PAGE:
Trumbull, William. 1989. "Estimations of the Economic Model of Crime Using Aggregate and Individual Level Data." Southern Economic Journal 94: 423-39.
Uggen, Christopher. 1994. "Innovators, Retreatists, and the Conformist Alternative: A Job Quality Model of Work and Crime." Unpublished paper. University of Wisconsin, Madison.
UN (United Nations). Various issues. United Nations Surveys of Crime Trends and Operations of Criminal Justice Systems (www.ifs.univie.ac.at/uncjin2/mosaic/wcs.htm).
U.S. Office of National Drug Control Policy. Various issues. National Drug Control Strategy.
Vélez, Luis F., and others. 2000. "Victimización en Colombia: Un análisis exploratorio del caso de la ciudad de Cali." Washington: World Bank. Mimeographed (www.worldbank.org/laccrime).
Viscusi, W. Kip. 1986. "Market Incentives for Criminal Behavior." In The Black Youth Employment Crisis, edited by Richard B. Freeman and Harry Holzer. University of Chicago Press. [End Page 301]
WHO (World Health Organization). Various issues. World Health Statistics Annual.
Wilson, William Julius 1987. The Truly Disadvantaged: The Inner City, the Underclass, and Public Policy. University of Chicago Press.
———. 1996. When Work Disappears: The World of the New Urban Poor. Random House.
Witte, Ann Dryden. 1980. "Estimating the Economic Model of Crime with Individual Data." Quarterly Journal of Economics 94: 57-87.
Witte, Ann Dryden, and Helen Tauchen. 1994. "Work and Crime: An Exploration Using Panel Data." Public Finance 49: 155-67.
World Bank. 1993. World Development Report. Washington. [End Page 302]

Footnotes

1. International Centre for the Prevention of Crime (1998, chap. 3, p. 5).

2. Fajnzylber, Lederman, and Loayza (1998, pp. 11-15).

3. New York Times and CBS poll, quoted in Blumstein (1995, p. 10).

4. International Centre for the Prevention of Crime (1998, chap. 3, p. 2).

5. Polls conducted by Latino Barómetro, quoted in Londoño and Guerrero (1999, p. 6).

6. See Buvinic and Morrison (1999, technical note 4).

7. Glaeser (1999, p. 19).

8. International Centre for the Prevention of Crime (1998, chap. 2, p. 3).

9. World Bank (1993).

10. Buvinic and Morrison (1999, technical note 4).

11. Mandel and others. (1993).

12. International Centre for the Prevention of Crime (1998, chap. 2, p. 3).

13. Londoño and Guerrero (1999, p. 27).

14. Alternatively, in explaining the intangible costs of crime, the cumulative effect of relatively high levels of crime over a long period of time may be more important than the levels of crime at a given point in time. Thus the costs of crime could grow even in the context of stable or declining crime rates.

15. An approach that has not been applied to date in Latin America is that of using so-called hedonic estimates of housing prices to measure the economic costs of crime. In the United States, results from studies of this type indicate that a doubling of crime rates could lead to a reduction of 8 to 12.5 percent in real estate costs (Buvinic and Morrison, 1999). One advantage of these studies is that they generate estimates of the value of marginal reductions in the level of crime, as opposed to accounting estimates of the total costs of crime (Glaeser, 1999, p. 20). Indeed, the former may be most useful from a practical point of view, since most policy measures will not lead to a complete eradication but rather to marginal reductions of the level of crime.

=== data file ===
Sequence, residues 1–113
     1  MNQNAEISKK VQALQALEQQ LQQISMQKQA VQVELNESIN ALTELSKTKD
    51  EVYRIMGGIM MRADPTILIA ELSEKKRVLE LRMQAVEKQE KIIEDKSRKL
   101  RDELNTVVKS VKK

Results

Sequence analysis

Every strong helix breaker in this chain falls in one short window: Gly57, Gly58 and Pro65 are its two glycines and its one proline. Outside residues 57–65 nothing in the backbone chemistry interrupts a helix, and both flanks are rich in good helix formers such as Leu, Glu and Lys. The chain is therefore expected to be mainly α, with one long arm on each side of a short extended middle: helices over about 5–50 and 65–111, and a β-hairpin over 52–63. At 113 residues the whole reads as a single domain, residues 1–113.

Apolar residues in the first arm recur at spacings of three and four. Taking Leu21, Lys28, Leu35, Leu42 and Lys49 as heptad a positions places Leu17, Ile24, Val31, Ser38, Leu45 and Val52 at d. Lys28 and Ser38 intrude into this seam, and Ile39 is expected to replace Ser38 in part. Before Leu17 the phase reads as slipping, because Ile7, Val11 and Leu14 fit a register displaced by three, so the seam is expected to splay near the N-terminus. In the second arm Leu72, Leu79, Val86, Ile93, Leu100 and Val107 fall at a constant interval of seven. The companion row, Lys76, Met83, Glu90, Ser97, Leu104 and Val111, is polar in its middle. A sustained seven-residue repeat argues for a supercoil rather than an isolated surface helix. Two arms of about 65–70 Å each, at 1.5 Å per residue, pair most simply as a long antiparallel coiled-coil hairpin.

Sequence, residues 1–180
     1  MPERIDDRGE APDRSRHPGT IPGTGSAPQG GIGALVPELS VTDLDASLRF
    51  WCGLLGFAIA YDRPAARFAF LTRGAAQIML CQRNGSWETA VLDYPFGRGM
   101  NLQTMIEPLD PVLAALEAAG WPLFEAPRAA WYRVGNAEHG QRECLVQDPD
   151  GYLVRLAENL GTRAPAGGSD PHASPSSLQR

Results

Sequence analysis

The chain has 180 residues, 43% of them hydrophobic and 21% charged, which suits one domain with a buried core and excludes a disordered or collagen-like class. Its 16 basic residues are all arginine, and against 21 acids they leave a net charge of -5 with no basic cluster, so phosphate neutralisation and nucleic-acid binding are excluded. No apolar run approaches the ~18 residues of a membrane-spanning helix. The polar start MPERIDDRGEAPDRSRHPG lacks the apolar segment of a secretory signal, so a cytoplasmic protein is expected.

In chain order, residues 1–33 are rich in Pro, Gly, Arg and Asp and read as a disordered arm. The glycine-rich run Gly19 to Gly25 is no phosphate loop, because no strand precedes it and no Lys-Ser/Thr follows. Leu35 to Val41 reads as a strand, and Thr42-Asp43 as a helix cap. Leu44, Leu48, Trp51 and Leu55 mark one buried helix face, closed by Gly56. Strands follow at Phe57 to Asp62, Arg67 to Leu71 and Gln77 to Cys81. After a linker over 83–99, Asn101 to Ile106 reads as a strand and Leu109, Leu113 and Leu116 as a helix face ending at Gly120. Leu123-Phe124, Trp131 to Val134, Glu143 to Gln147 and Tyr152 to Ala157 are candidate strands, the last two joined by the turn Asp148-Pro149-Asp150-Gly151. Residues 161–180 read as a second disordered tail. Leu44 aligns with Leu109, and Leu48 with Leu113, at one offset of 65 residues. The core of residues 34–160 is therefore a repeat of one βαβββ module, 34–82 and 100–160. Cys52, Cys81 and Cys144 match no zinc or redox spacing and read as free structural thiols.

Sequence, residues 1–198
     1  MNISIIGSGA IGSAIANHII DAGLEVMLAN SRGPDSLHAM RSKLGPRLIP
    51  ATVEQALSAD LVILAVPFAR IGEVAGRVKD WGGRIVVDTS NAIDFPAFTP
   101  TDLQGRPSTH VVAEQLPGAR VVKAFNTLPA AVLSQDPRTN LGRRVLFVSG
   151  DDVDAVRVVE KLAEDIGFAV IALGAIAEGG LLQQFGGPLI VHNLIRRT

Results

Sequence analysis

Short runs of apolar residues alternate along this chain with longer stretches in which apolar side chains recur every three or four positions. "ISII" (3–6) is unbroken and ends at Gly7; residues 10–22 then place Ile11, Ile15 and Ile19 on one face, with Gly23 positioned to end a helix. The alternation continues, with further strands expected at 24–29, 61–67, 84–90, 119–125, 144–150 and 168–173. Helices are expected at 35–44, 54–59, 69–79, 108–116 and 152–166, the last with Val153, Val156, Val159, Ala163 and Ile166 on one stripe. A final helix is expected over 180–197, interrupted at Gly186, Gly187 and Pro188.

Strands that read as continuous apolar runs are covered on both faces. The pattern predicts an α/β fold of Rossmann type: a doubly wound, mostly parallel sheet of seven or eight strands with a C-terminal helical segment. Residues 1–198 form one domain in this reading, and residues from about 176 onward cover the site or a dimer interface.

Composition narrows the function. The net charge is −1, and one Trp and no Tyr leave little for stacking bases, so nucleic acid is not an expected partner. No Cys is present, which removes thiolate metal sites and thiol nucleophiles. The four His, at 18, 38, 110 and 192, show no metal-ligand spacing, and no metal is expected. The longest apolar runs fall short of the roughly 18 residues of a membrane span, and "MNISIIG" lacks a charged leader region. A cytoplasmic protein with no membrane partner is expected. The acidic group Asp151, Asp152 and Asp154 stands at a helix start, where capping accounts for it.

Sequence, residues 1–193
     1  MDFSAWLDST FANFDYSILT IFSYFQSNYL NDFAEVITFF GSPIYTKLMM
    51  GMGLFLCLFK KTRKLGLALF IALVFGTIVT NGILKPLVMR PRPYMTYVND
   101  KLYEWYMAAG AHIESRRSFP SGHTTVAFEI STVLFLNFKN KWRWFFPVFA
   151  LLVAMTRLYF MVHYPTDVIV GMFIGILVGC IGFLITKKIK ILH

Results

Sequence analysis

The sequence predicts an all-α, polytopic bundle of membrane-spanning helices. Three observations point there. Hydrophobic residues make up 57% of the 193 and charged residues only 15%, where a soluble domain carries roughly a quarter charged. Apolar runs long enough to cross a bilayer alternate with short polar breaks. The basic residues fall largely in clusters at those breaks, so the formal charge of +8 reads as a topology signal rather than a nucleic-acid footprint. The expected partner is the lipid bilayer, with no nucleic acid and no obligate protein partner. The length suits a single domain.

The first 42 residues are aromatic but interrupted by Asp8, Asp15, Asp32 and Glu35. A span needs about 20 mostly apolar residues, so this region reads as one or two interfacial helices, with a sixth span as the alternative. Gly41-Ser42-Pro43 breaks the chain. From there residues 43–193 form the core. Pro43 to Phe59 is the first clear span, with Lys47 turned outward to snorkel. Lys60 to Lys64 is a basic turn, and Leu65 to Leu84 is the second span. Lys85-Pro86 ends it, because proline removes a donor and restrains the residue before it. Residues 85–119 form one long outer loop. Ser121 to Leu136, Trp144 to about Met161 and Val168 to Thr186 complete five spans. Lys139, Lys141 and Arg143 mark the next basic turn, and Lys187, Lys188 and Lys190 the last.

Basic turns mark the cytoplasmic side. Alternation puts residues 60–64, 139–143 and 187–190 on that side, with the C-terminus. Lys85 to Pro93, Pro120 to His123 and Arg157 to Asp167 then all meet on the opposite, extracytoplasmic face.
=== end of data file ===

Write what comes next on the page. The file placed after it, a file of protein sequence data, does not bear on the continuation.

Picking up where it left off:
16. Londoño and Guerrero (1999, p. 22).

17. Londoño and Guerrero (1999, p. 26).

18. Becker (1968).

19. Becker (1993, pp. 385-86, emphasis in original).

20. Becker (1993, p. 390).

21. Ehrlich (1973); Mathieson and Passell (1976).

22. Ehrlich (1975a).

23. Ehrlich (1981, p. 311).

24. Ehrlich (1975a, 1981); Levitt (1998a).

25. Becker (1968, p. 178); Ehrlich (1973, p. 528). The standard assumption in theoretical models is to consider individuals who are risk averse, but who exhibit decreasing risk aversion with increasing income (Schmidt and Witte, 1984, p. 161).

26. Grogger (1991). This result is also supportive of the prevalence of the deterrent vis-à-vis the incapacitation effects of imprisonment.

27. Levitt (1996, 1997, 1998a).

28. Levitt (1996).

29. Prison overcrowding lawsuits have been filed in the United States since 1965 on the grounds of unconstitutional conditions in prisons. Levitt shows that the filing of prison overcrowding litigation leads to the lowering of prison population growth rates, even before the courts reach any decision. Moreover, the status of prison overcrowding litigation is shown to be unrelated to previous crime rates.

30. Levitt (1997).

31. Levitt (1998a).

32. Posner (1995).

33. Glaeser and Sacerdote (1999b).

34. Glaeser, Kessler, and Piehl (1998).

35. Fleisher (1966); Ehrlich (1973).

36. Fleisher (1966) finds that a city's average family income has a negative effect on the arrest rates of young males, while Ehrlich (1973) finds that states with higher median family incomes have higher rates of violent and property crimes.

37. Fleisher (1966) measures income inequality as the difference between the average income of the second lowest quartile and the highest quartile of households, whereas Ehrlich (1973) uses the percentage of families below one-half of the median income.

38. Ehrlich (1973) assumes that the median income for the state is a good proxy for the payoffs from crime—the "opportunities provided by potential victims of crime"—while legitimate opportunities available to potential offenders may be approximated by the mean income level of those below the state's median income.